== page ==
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Art Editorial

hockneyrussell.jpg Hockney & Hollywood
 

This summer The Bowes Museum are showing a major photomontage of Theresa Russell by Britain’s most famous living artist.

The Hockney and Hollywood exhibition has now opened and features an extraordinary life sized nude photographic study of Theresa Russell by David Hockney.

The Yorkshire born artist was commissioned by his friend the Hollywood film director Nicolas Roeg to create the montage for the movie “Insignificance”, which starred his then wife, Theresa Russell, as Marilyn Monroe.

The film is a comedy, set in a New York hotel in the 1950s, and tells the story of four icons of the era as they discuss life, death, sex and the universe.

It took Hockney four attempts with a Pentax camera to capture the images he wanted to create the stunning ‘Nude, 17th June 1984’.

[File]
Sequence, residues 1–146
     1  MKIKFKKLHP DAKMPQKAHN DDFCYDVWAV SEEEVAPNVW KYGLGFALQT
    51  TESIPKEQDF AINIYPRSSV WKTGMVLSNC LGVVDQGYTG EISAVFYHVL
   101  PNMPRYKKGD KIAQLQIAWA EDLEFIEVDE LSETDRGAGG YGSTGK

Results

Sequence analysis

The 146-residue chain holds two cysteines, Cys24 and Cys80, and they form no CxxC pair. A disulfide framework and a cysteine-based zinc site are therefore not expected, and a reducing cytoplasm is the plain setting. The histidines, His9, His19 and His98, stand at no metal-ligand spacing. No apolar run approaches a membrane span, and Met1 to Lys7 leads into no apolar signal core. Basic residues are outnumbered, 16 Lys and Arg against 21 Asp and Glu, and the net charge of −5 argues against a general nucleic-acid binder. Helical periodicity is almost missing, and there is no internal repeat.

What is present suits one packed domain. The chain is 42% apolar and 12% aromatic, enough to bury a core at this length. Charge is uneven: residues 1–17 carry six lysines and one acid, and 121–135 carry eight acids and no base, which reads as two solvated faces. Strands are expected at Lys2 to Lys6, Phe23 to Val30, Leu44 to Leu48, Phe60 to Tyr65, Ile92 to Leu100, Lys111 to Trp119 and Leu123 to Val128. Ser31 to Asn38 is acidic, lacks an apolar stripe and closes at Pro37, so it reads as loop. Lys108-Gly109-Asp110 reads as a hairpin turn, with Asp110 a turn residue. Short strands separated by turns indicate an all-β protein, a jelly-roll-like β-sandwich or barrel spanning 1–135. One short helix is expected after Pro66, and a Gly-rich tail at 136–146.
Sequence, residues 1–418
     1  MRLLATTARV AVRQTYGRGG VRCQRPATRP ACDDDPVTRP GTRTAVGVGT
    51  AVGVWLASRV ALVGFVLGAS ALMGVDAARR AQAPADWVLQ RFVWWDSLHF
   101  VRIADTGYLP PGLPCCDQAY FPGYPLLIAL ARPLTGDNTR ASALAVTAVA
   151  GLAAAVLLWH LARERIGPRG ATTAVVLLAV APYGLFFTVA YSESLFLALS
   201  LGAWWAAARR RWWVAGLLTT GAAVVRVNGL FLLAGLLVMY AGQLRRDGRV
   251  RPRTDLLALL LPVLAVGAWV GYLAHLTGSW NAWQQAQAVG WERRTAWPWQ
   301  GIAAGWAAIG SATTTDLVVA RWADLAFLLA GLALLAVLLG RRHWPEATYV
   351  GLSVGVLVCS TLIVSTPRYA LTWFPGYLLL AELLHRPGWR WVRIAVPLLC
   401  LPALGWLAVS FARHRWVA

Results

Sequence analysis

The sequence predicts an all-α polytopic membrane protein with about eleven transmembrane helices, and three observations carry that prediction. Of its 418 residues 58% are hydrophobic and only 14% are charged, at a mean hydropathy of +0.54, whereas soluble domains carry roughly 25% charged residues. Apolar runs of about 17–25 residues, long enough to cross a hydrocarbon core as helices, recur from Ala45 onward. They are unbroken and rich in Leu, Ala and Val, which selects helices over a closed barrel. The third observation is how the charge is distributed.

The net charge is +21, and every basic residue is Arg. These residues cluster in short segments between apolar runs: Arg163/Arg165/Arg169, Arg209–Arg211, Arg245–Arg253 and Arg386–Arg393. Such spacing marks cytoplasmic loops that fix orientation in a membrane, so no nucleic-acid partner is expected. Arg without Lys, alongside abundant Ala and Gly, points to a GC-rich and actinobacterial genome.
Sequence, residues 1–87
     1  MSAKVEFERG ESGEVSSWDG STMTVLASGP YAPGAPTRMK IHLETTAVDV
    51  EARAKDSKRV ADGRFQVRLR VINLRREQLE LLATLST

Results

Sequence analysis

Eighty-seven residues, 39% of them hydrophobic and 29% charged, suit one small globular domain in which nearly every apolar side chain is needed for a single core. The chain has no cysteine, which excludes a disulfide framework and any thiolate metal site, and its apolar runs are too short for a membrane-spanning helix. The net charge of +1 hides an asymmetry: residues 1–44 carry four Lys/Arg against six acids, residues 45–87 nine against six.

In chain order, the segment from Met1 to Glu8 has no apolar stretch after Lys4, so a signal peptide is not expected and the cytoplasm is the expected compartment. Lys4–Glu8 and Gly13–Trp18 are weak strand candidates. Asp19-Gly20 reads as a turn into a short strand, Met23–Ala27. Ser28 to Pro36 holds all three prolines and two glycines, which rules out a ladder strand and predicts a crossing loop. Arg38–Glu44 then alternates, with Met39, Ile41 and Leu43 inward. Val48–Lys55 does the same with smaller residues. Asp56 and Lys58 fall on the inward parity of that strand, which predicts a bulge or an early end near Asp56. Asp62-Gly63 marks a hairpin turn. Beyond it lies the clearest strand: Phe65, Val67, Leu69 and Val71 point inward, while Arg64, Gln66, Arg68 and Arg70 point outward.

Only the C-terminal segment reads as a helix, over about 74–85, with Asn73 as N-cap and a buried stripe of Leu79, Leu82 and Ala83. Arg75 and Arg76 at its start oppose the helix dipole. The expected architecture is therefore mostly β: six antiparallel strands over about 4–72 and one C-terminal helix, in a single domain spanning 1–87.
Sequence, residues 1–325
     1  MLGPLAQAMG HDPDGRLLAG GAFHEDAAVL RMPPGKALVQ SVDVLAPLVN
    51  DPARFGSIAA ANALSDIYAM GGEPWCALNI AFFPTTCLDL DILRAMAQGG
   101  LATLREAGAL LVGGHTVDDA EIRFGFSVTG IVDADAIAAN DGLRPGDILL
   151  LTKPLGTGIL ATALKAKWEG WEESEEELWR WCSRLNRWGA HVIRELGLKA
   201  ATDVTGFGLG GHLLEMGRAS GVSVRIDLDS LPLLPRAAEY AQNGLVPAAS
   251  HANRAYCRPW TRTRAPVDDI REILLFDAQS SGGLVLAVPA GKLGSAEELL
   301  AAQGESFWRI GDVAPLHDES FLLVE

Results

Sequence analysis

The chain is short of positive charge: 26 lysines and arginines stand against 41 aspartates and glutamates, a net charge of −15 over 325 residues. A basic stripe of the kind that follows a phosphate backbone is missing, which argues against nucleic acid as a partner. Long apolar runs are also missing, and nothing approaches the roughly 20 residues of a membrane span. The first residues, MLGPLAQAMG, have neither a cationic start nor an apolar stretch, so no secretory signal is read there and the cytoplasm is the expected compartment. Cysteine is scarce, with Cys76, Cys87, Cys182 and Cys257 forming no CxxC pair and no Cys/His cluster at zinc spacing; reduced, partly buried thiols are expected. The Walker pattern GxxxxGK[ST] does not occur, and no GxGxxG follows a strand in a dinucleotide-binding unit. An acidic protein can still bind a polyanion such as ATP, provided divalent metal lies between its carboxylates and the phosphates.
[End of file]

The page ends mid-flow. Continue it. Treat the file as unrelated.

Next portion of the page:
The collage shows both Theresa’s front and back as Hockney explores the use of lines and edges in his photography.  The actress’ pose, together with the pink satin sheets, her blond wig and licking of her lips is reminiscent of a centrefold pin up.Nicolas Roeg, who’s best known for directing ‘Don’t Look Now’, ‘The Man Who Fell to Earth’ and ‘The Witches’, documented Hockney at work on the piece; photographing the artist as he prepared the scene, the assistants as they applied make up and Hockney taking the posed shots.

These photographs give a unique and intimate never before seen ‘behind the scenes’ look at Hockney that make up an integral part of the exhibition, as one artist observes another.

Hockney and Hollywood, until 3 November, The Bowes Museum, Barnard Castle. thebowesmuseum.org.uk